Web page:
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Try This Quick Stretch When Your Body Is Stiff and Achy from Sitting Through a Show

From Self Magazine-By Jenny McCoy-Reviewed by Christa Sgobba, C.P.T.

Loosen up your body and enjoy the rest of the concert, movie, or performance.

SOS Stretches are designed to be done in the moment—when you need them most. These super quick routines will relieve tension, tightness and ease sore muscles from whatever activity you’re taking part in. In today’s intermission at the theater routine, you’ll be:

  • Stretching your: Neck, hip flexors, back, hamstrings, and calves.
  • You can do this: At the theater wearing whatever clothes you have on—even if it’s a form-fitting outfit and high heels. These stretches are discreet and don’t require big movements, making them easy to do while you’re waiting in line for the bathroom or socializing in the lobby. Plus, some can be done right in your chair.

If you’ve ever felt stiff and achy after a night out at the theater (or any time you’ve been sitting still in a cramped space), well, it only makes sense. Not only are you sitting for a good chunk of the time, but the chairs are often small, and typically you’re shoulder to shoulder with the people next to you. As a result, you’ll probably keep your elbows in your lap, clam up, and really fold your body into itself, physical therapist Brando Lakes, DPT, cofounder of Kinesadelic in NYC, tells SELF.

Additionally, during tense parts of the show, your head will likely come forward to capture every word, and your shoulders may raise up toward your ears, says Lakes. And if the theater is chilly—which so many are—your shoulders may also hunch up if you’re cold, he adds. Depending on the length of the show, you may stay locked in these positions for hours at a time and thus experience aches, pains, and stiffness in your body.

Fortunately, with a little bit of stretching, you can counteract that tightness and “reestablish some amount of balance in the body,” says Lakes. With that in mind, Lakes developed the following four-move routine that you can do during a show’s intermission. These gentle stretches will lengthen key muscles that often get tight in a theater scenario—think hips, legs, neck, and back—so you can go about your evening feeling a little less stiff and achy.


  • Do the following stretches for the amount of time designated below. Feel free to do them in any order and mix and match however feels best to you.
  • The sequence as-is will take about three to four minutes, but feel free to repeat it multiple times if you’d like. Just be sure to listen to your body and back off if the moves feel too intense. “As long as you feel a stretch, you’re good,” says Lakes.
  • While sitting or standing place your hand on your neck near your right clavicle .  Bend your head to the left then turn...
  • 1. SCM/Scalene Stretch
    • While sitting or standing, place your hand on your neck near your right clavicle (collarbone).Bend your head to the left, then turn and look up and towards the right side, as pictured. You should feel a stretch in the front of your neck in the area where your hand is.Hold for 30 seconds while deep breathing.Switch sides and repeat.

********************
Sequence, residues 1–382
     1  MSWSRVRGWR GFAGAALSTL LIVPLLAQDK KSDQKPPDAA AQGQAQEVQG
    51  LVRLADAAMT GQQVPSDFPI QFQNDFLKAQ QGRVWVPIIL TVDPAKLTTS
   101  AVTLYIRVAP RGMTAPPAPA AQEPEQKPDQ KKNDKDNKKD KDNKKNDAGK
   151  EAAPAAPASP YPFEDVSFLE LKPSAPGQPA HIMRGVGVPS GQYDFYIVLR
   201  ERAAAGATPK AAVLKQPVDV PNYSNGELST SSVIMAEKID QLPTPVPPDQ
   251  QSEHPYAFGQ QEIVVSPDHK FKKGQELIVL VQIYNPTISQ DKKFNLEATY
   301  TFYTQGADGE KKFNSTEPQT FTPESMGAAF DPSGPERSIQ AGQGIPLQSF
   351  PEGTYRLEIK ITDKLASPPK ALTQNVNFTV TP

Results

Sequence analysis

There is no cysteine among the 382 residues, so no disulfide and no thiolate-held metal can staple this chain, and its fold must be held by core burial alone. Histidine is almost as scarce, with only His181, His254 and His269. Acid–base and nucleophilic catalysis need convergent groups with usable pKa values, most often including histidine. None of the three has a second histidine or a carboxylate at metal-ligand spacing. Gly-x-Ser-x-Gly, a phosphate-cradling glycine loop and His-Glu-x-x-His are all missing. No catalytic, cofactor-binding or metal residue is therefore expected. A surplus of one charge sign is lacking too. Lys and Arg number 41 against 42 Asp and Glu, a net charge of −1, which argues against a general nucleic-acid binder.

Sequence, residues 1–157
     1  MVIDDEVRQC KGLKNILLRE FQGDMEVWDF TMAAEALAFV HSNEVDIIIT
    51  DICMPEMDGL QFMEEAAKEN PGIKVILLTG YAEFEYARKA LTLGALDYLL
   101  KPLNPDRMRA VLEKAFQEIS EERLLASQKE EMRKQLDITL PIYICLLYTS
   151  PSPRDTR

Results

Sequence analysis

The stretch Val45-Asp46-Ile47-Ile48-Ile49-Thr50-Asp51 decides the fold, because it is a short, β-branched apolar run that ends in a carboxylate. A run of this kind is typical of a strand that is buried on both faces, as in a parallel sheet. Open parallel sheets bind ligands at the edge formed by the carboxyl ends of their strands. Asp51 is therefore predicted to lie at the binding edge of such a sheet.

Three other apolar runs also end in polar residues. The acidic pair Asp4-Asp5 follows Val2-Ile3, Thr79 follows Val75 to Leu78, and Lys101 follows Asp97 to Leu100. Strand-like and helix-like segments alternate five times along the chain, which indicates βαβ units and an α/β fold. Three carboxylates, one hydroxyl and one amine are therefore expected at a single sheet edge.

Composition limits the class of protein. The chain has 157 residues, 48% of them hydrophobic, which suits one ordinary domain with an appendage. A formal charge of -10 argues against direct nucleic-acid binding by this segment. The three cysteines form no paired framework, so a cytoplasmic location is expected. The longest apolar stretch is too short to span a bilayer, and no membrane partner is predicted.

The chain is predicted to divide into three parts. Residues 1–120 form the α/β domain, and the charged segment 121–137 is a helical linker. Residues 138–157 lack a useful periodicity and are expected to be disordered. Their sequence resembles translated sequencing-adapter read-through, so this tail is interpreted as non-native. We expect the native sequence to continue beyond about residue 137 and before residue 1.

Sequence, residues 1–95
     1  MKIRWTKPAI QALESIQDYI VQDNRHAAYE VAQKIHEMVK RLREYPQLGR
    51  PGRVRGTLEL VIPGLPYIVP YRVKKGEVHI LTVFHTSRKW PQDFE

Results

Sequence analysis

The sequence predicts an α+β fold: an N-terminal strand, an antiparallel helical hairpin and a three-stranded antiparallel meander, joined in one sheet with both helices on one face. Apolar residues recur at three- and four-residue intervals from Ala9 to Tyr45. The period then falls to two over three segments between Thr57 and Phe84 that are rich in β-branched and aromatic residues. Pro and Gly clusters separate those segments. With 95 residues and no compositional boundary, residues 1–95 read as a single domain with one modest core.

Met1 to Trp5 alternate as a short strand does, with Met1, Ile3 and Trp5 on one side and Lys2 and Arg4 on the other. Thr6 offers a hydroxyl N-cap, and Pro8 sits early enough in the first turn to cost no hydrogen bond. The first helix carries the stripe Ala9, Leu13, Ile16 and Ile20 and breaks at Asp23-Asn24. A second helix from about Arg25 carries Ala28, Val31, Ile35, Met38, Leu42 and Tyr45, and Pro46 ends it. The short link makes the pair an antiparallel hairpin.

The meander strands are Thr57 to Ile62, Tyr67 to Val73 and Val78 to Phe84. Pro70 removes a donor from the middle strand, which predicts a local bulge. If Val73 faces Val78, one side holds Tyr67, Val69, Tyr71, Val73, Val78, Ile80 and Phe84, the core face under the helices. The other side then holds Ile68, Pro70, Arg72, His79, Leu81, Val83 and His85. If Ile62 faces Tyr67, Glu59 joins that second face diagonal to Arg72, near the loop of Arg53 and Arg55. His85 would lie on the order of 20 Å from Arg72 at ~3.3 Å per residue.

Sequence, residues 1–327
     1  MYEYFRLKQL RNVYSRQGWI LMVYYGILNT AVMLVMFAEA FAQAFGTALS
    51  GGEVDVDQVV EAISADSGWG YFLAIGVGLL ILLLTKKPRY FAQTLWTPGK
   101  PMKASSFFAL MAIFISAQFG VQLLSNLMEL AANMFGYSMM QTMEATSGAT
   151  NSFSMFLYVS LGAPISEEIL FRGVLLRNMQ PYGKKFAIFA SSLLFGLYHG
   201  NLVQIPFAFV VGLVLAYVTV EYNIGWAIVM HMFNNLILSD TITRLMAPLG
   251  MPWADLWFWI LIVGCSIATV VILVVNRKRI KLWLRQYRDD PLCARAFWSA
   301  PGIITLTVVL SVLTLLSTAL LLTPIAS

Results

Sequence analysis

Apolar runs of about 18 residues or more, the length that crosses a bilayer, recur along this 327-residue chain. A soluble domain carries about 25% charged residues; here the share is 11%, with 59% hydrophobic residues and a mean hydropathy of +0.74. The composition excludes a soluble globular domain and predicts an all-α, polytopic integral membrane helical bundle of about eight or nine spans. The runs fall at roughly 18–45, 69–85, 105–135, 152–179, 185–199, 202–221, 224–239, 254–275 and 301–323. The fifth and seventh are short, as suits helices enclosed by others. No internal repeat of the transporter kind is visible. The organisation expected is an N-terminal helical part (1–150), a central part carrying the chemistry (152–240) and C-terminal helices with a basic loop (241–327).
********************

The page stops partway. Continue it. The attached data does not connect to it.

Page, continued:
The scalenes are a group of neck muscles that engage when you bring your shoulders up toward your ears, and the sternocleidomastoid (SCM) is a neck muscle that is activated when you bring your head forward and rotate it to the side (like if you’re seated on the right side of the theater and crane your neck to the left to catch the action), explains Lakes. This stretch targets the scalenes and the SCM and can help reduce neck stiffness.
  • Stand tall with one foot about two feet in front of the other. Place your hands on your hips or rest them by your sides....
  • 2. Standing Hip Flexors Stretch
    • Stand tall with one foot about two feet in front of the other. Place your hands on your hips or rest them by your sides. Slightly bend your front knee, tilt your pelvis back, and squeeze both glutes.You should feel a stretch in the front hip and/or thigh of your back leg.Hold for 30 seconds or longer if you’d like. Switch sides and repeat.
    This stretch targets your hip flexors, a group of hip muscles that get tight when you sit for prolonged periods of time (such as during a lengthy show). If you struggle to balance in this pose, rest your hand against a wall, pillar, or other person.
  • From a seated or standing position lean back from your mid back . You can also place your hands behind your head elbows...
  • 3. Thoracic Extension
    • From a seated or standing position, lean back from your mid back (as pictured). You can also place your hands behind your head, elbows bent. Try to get your sternum (a bone that sits in between your collarbones) and your elbows to point straight up towards the ceiling.Stop when you feel a stretch in your upper back and hold for 3 to 5 seconds.
    This move helps counteract the ill-effects of slouched, forward-leaning posture by opening up your chest and stretching your mid-back, upper-back, and neck.
  • Stand tall with one foot in front of the other.  Keep your back leg straight and back foot flat on the ground while you...
  • 4. Standing Heel-Up Hamstring and Gastrocnemius Stretch
    • Stand tall with one foot in front of the other.
    • Keep your back leg straight and back foot flat on the ground, while you point your toes on the front foot up toward the ceiling. Keep your front heel on the ground.
    • Tilt the front of your hips down and feel a stretch in your front hamstring and at the top of your calf.
    • Hold for 30 seconds. Switch sides and repeat.

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